Restaurants tell Senate of ‘absolute despair’ from COVID shutdown
More than 3,000 restaurants in New Jersey are expected to never return due to the coronavirus pandemic and associated shutdowns, hospitality industry representatives told senators at a Monday hearing where they pleaded for help in speeding up state permission to reopen.
Marilou Halverson, president of the New Jersey Restaurant and Hospitality Association, said there are around 20,000 restaurants in the state and that 15% to 18% are not expected to survive. That would be 3,000 to 3,600 of them.
“This pandemic has created an atmosphere of absolute despair unlike anything we’ve ever been through,” said Jeanne Cretella of Landmark Hospitality, who said the company’s workforce went from 800 people to 10 and that $22 million in revenue has been lost and can’t be recovered.
Tim McLoone owns a dozen restaurants around the state but due to the effects of the pandemic shutdowns has closed two of them permanently and one for the summer.
“On March 15, I had 12 restaurants. On March 16, it’s as if all 12 of them burned to the ground on the same night. And I had no insurance,” McLoone said.
“The slowness of this is excruciating,” McLoone said. “As has been said, if the casinos are going to open, well, then, that should say something right there.”
Gov. Phil Murphy has said casinos could reopen around July 4.
Joseph Maurillo of Caterers in the Park, which includes Nanina’s in the Park in Belleville, said catering halls should open before casinos but that he’s “hoping, praying, begging that we can get some kind of date this week,” even if it’s for the middle of July. He said the logistics of planning a wedding require a longer ramp-up period.
“It would really help our brides, our couples and us emotionally, mentally and definitely financially,” Maurillo said.
Restaurants have been open for curbside and takeout service, but restaurant owners told lawmakers that amounts to 5% to 15% of typical revenue. They can start outdoor dining next Monday – despite their pleas for that to begin Friday, so they can open this weekend – but even that leaves them fully vulnerable to inclement weather. They say indoor dining with reduced capacity is vital.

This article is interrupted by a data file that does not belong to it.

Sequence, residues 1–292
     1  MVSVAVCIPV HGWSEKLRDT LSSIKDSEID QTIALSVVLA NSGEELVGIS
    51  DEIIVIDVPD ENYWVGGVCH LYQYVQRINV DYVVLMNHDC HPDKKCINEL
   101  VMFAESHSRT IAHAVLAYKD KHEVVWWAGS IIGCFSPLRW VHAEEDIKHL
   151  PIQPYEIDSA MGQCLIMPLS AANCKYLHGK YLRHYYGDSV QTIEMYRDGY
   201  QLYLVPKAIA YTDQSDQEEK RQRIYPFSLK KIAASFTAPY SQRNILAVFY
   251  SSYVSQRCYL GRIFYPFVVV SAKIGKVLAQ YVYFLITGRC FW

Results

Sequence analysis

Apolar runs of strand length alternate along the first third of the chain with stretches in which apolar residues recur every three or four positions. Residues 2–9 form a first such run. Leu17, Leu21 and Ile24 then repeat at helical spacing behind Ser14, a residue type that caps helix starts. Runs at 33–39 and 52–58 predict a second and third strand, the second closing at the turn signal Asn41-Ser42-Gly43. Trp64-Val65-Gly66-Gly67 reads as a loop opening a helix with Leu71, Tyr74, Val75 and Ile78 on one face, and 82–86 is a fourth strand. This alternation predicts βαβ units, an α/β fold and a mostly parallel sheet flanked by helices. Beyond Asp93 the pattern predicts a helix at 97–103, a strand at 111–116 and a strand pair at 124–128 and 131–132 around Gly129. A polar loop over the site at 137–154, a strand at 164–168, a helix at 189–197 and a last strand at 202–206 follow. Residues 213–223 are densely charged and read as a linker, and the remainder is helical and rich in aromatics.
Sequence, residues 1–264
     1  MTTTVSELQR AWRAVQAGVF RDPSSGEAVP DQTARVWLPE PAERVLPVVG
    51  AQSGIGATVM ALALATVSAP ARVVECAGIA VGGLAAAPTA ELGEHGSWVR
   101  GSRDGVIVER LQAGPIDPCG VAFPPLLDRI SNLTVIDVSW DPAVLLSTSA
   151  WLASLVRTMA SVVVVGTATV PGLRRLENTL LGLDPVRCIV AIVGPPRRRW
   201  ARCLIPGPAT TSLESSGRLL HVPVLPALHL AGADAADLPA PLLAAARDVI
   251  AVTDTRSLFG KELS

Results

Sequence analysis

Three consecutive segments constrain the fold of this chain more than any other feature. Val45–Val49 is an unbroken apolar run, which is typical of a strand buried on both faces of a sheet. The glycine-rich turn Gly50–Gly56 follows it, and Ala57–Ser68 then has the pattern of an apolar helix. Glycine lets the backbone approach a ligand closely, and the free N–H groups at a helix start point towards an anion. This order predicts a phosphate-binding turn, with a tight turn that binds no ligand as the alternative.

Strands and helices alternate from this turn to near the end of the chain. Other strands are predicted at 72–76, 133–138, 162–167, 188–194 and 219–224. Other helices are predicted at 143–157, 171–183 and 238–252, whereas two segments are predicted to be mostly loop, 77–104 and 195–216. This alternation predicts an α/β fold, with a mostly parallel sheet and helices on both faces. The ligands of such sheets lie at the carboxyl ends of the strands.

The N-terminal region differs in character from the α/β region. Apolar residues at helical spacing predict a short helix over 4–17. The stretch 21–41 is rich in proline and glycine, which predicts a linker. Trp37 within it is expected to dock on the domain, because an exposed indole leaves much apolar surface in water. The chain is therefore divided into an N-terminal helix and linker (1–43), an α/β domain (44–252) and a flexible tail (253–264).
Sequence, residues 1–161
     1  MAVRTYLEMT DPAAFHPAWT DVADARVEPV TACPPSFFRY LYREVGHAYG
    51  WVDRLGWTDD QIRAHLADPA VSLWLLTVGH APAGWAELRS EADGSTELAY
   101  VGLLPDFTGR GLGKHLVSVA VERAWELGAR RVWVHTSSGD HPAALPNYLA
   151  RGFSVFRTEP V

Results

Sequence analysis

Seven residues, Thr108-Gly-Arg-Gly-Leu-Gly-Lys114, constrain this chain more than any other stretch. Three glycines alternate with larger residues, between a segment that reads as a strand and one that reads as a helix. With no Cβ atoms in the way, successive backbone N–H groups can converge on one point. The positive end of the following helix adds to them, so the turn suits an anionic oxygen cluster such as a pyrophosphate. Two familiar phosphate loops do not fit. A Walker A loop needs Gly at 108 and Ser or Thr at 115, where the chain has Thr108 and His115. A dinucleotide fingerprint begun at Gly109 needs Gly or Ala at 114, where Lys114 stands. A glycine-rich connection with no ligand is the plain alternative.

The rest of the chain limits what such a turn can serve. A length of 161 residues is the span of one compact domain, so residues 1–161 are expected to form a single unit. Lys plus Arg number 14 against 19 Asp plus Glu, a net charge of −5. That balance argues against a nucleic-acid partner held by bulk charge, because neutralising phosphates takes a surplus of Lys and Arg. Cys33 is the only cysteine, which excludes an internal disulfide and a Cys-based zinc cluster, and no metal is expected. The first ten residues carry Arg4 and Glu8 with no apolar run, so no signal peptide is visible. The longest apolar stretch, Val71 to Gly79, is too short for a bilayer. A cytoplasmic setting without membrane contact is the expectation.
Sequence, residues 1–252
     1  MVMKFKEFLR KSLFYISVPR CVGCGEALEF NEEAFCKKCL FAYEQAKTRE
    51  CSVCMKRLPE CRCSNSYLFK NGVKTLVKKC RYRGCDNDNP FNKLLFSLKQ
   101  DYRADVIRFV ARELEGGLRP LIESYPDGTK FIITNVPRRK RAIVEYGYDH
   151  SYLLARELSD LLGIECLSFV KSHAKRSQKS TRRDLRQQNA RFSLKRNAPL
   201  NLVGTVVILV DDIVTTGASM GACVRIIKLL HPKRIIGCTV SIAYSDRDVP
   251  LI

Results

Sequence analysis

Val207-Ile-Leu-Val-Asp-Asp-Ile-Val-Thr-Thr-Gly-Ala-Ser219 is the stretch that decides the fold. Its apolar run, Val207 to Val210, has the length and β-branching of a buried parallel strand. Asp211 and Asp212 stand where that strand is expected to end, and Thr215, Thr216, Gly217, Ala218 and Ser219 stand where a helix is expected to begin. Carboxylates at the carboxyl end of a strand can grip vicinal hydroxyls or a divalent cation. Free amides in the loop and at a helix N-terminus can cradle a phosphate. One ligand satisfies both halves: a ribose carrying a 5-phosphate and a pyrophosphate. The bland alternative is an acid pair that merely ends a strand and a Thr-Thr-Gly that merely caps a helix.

“It really comes down to getting an answer from the governor on when we can reopen. That’s what’s holding up this industry, and it’s going to cause a lot of places to fail,” said Tom Markoulakos of Skopos Hospitality Group, which owns restaurants in Clifton, Harrison, Jersey City and Nutley.
Adenah Bayoh, who runs IHOP restaurants in Irvington, Paterson and Newark, as well as her own Cornbread restaurant in Maplewood and three locations in Pennsylvania, said it’s not feasible for the IHOP restaurants to have outdoor seating in their urban locations.
“Some kind of indoor seating, even at 25%, would allow us the opportunity to at least start participating back into the economy,” Bayoh said.
Sen. Paul Sarlo, D-Bergen, said he and Senate President Steve Sweeney, D-Gloucester, are proposing legislation that would change the process by which restaurants and bars will be able to serve liquor outdoors in the months ahead.
The Murphy administration has set up a process through holders of retail consumption licenses can apply to the state Division of Alcoholic Beverage Control for an “expansion of premise permit” to expand their licensed footprint to nearby property to accommodate social distancing.
“There’s 9,000 liquor licenses in the state of New Jersey, so you would need to apply to ABC, send a $75 check. They’re going to review your application,” Sarlo said. “By that time, we know how the bureaucracy of government works, we’ll be way gone after this pandemic and more businesses will be closed. The legislation that we’re proposing takes it out of the hands of the bureaucrats, takes the hands out of the ABC and puts it back into the hands of municipalities.”
Restaurants, bars and catering facilities would instead apply to their city or town, with a sketch that shows where outdoor seating will be placed, and a decision on whether to approve it would be required in five to seven business days. The bill would also allow for cities and towns to close streets to allow public dining and drinking on sidewalks and streets on certain nights.
“If we were to go down the route of the executive order, I don’t see anybody being permitted, being allowed to serve alcoholic beverages outside of their restaurant, on a deck, on a patio, on the front steps, in a parking lot any time soon,” Sarlo said.
The bill might not have the timely impact that is intended, however.
Even if rushed through the legislative process, the soonest it could pass is next week. But unless Murphy is in favor of overriding a process he set up, he could wait until late July or early August to veto it. Even if the Legislature were then to override the veto, the municipal-based approach might not start to issue permits until closer to Labor Day.
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